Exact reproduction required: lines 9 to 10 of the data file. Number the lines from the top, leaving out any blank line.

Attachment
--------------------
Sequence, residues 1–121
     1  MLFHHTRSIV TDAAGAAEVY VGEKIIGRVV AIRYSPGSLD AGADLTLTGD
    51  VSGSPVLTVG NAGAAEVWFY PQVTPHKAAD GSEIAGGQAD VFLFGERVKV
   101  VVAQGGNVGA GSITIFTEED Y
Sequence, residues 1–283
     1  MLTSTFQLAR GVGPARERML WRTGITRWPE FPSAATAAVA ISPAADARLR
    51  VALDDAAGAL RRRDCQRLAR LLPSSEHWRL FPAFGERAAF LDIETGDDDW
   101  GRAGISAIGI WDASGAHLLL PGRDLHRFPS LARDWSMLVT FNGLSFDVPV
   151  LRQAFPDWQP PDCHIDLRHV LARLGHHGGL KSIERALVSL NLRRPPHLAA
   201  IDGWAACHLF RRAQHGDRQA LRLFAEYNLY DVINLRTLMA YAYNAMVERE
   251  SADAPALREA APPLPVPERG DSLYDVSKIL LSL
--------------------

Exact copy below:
   151  LRQAFPDWQP PDCHIDLRHV LARLGHHGGL KSIERALVSL NLRRPPHLAA
   201  IDGWAACHLF RRAQHGDRQA LRLFAEYNLY DVINLRTLMA YAYNAMVERE